When the proud British foe were invading our soil, And pressing our sons from their freedom to toil; Young Edwin he bid his fair Mary adieu, And at parting he said "his love should be true."
Now this young hero undaunted and brave, Put on his tarpaulin to fight on the wave; He faced the rude billows where the cannons did roar, To fight for his country and his own native shore.
Weeks and months rolled away, also year after year, Yet Mary no tidings of Edwin could hear; She asked every wind as they gently passed by, They brought her no tidings but fled with a sigh.
To add to her sorrows her parents both died. Which left her abandoned on life's floating tide; The changes of fortune soon caused her to roam, From the scenes of her youth and her juvenile home.
But soon the war ended and peace smiled again, Young Edwin returned crowned with fortune and fame; He landed near the cottage on Utson's smooth stream, Where the streams are all gay and the banks dressed in green.
The thought of his Mary then rushed in his mind, He says "I will go and my Mary I'll find," He sought her in vain tho' he sought her with care, For long had she wandered and none could tell where.
One day on the banks of the stream as he stray'd, Where the wild songsters sung and the wild zephyrs play'd As the sun was declining the evening grew near, The voice of his Mary enchanted his ear.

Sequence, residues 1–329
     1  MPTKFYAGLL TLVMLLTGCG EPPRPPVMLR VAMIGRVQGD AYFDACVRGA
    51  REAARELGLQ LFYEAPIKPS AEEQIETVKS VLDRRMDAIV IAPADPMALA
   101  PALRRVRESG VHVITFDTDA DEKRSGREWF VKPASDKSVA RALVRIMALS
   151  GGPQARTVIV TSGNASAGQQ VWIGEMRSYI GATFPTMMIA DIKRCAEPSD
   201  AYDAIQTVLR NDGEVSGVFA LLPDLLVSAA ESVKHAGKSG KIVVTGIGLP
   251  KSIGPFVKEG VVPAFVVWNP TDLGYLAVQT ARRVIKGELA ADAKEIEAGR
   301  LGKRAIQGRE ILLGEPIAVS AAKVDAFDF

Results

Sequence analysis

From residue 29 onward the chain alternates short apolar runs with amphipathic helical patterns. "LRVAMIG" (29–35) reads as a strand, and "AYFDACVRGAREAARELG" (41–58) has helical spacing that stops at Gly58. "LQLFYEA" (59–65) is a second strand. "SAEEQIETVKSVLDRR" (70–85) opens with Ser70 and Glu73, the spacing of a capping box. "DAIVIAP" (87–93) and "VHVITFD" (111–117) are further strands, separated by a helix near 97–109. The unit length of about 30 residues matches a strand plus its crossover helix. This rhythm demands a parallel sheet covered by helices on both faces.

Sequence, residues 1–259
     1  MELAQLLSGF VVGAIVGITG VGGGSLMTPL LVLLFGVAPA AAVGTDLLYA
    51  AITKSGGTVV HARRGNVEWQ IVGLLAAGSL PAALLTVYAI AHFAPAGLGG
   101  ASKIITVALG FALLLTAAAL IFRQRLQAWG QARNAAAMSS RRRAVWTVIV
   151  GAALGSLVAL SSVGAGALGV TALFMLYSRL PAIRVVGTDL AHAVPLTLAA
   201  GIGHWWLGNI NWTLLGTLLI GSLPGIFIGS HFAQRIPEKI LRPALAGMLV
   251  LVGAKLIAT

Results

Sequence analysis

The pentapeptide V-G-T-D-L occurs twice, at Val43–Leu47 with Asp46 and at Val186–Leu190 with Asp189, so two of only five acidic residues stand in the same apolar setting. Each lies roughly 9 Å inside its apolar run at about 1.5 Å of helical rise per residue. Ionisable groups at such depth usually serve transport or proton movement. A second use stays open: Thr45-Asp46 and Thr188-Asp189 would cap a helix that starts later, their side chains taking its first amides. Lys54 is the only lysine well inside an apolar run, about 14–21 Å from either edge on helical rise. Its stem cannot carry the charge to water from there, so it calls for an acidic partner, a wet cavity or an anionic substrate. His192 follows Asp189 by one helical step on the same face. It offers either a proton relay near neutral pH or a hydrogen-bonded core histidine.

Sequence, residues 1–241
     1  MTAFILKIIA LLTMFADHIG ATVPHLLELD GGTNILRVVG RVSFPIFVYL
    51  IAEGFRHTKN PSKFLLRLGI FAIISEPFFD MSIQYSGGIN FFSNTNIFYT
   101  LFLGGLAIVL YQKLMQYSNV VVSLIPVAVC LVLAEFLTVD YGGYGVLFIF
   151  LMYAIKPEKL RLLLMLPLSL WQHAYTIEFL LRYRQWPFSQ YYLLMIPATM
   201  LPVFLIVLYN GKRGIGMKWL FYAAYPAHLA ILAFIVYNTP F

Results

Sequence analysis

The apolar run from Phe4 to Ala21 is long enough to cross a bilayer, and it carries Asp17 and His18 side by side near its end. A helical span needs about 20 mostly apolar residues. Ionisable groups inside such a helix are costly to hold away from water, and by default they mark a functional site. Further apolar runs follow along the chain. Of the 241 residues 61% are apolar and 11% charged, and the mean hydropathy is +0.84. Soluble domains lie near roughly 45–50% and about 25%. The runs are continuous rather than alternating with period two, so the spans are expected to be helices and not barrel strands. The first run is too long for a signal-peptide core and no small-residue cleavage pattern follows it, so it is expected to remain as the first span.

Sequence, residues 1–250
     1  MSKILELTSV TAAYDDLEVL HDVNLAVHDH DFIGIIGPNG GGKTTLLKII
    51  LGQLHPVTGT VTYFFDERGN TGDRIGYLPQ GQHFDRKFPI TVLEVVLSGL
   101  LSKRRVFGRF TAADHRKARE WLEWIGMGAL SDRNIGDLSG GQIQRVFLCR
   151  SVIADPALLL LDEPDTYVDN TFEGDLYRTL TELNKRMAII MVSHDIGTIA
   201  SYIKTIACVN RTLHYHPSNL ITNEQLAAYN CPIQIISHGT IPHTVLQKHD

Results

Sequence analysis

He saw her reclined in the shade of a tree, Where the wild branches swang [sic] at the sigh of the breeze; Her cheek had grown pale, tho' she was as fair as the sun, And these were the accents that fell from her tongue.
"O pity kind heaven, and sooth my sad heart For why were I dombed [sic] from my Edwin to part; Alas when he sailed from his own native shore, He fixed my sad doom to behold him no more.
How oft hand in hand have I wandered with thee, And so playfully sat myself down on his knee; And beneath the the [sic] tall shadows of yonder green pine, I have smoothed down his hair with those fingers of mine.
How oft on the banks of the stream have we strayed, When the heavens recorded the vows that he made; But now he has gone never more to return, And I a poor wanderer am left here to mourn.
I am afraid he is drowned in the waters dark wave, Where thousands have met with a watery grave; Or else he has died in some foreign land, Where his death has been soothed by no true lover's hand.
I wish he was toomed [sic] in some grave-yard near home, To that silent place I would this moment roam; And the finest of laurels I would twine 'round his bier, I would moisten his clay with affections [sic] warm tear."
Now Edwin no longer his feelings could command, He rushed from his ambush and seized her fair hand: Crying "Mary, Oh, Mary, the joy of my heart; Neither in life nor in death evermore will we part."
W. J. SCHMIDT, 118 Fayette St. cor. of Park, [sic]
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